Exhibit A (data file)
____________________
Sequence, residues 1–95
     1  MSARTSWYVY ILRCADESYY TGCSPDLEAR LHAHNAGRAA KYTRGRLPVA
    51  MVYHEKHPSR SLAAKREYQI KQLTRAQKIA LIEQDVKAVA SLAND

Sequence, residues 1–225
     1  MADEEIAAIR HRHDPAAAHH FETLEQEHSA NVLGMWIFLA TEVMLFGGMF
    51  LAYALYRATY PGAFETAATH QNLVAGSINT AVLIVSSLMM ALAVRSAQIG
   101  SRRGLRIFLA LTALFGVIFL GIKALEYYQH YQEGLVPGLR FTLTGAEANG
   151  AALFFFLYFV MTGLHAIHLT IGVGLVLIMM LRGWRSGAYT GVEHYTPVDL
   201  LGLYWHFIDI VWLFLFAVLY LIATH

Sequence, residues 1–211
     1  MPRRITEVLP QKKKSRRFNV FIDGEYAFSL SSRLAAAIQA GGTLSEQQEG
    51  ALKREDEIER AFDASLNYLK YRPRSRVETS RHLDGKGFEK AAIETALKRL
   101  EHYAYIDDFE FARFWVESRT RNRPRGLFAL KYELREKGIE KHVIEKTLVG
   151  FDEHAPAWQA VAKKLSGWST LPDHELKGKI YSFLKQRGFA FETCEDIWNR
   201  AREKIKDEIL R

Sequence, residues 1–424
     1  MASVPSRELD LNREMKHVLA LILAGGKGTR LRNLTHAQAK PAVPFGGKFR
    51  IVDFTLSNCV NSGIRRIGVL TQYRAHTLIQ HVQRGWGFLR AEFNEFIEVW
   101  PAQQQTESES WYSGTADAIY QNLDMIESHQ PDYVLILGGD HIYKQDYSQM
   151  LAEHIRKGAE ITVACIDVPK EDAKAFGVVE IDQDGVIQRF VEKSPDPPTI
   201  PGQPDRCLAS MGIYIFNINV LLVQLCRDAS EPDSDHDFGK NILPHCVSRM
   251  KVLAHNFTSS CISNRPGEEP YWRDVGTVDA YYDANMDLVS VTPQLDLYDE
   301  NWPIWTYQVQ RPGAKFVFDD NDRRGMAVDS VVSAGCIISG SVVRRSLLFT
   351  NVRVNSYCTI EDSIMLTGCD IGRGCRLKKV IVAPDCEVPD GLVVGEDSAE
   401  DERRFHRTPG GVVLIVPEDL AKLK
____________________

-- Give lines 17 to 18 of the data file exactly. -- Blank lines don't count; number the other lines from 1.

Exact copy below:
     1  MASVPSRELD LNREMKHVLA LILAGGKGTR LRNLTHAQAK PAVPFGGKFR
    51  IVDFTLSNCV NSGIRRIGVL TQYRAHTLIQ HVQRGWGFLR AEFNEFIEVW